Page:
When I was working in my first practice I had no idea what other practices were like. Then when I was temping I saw nurses who were being treated badly, nurses who didn’t really know what was available to them and nurses who didn’t know scope of practice. So, I wanted to create a platform to get this information. I’m not about moaning and complaining, the approach that I take is empowering people to make a change, improve their working conditions or change their working environment.

You also have recruitment experience in dental nursing, what did this reveal to you?

When in recruitment I would ask nurses what implants they had used before and some nurses had been using implants for years and they didn’t know anything about the implant they were using. They didn’t know the implant make, the manufacturer, where it was made or why the dentist was using the specific product. I think it is so important to know these things, not just for yourself but for your dentist and your patients too.

What makes the network unique?

There is no platform which is similar. Dental Nurse Network is the fourth most searched dental nurse term on Google. It gets over 70,000 page hits a month. The average time on the site is 6 minutes. This shows that it is popular and it is what dental nurses want. An average of 25 nurses join our membership every day.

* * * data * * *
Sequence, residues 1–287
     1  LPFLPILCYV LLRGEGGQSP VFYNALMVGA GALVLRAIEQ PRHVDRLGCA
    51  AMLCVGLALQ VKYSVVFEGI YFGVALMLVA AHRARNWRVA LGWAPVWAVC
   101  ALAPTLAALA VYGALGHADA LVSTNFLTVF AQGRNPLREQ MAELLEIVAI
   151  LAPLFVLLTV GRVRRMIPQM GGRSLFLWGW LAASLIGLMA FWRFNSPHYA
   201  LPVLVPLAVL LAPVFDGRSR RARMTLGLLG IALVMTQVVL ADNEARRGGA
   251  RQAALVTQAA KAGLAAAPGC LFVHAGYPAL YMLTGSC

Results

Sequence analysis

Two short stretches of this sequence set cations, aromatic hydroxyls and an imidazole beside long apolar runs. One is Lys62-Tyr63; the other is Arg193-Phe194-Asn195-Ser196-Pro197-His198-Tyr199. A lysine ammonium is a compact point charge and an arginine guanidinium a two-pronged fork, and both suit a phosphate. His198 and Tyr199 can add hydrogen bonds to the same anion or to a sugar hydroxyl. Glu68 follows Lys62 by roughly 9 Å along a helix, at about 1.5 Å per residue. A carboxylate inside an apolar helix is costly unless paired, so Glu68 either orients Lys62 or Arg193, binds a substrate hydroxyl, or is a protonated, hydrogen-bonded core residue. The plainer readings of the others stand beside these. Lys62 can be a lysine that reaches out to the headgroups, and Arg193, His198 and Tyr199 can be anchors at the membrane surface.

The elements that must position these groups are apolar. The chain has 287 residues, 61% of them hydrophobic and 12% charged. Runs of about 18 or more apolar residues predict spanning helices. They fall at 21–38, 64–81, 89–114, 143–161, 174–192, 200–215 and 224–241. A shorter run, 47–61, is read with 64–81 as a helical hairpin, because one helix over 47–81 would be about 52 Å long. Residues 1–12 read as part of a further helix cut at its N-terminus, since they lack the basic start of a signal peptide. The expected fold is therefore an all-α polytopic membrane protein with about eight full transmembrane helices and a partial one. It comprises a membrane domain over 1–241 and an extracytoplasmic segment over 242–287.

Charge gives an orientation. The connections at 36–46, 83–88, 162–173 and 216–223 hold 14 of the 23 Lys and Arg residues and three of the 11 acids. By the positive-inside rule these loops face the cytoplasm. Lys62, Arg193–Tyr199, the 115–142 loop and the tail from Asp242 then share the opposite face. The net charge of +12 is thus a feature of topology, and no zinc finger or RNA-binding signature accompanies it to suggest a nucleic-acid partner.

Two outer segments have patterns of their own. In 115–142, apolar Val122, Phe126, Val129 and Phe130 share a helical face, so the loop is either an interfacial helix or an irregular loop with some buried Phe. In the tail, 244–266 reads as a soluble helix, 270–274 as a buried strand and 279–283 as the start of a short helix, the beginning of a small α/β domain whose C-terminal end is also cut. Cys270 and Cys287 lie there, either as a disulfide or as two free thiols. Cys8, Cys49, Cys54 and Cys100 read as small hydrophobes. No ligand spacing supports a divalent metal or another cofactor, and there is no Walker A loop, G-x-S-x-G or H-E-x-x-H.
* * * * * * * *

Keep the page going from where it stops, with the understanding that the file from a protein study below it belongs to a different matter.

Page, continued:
How did your idea for DNN come about?

I was having lunch with a fellow dental nurse one day, Janine Greyling who runs Dental Recruit Network. We were considering what was next for dental nurses. From a small seed of an idea, it grew rapidly.

How does the network support itself?

Most memberships have a fee but I wanted to make DNN accessible to every nurse. The network supports itself by loyal members purchasing affordable online CPD and places on our nationwide courses. Our members support the network by buying from the network. It is the dental nurses themselves who help DNN to grow and grow. I really want to keep courses affordable and available to everyone. Our sponsors Henry Shein and Ivoclar Vivadent help reduce the costs of our courses. They are behind the cause to help dental nurses develop their careers further.

What is the most important element of dental nurse network to you?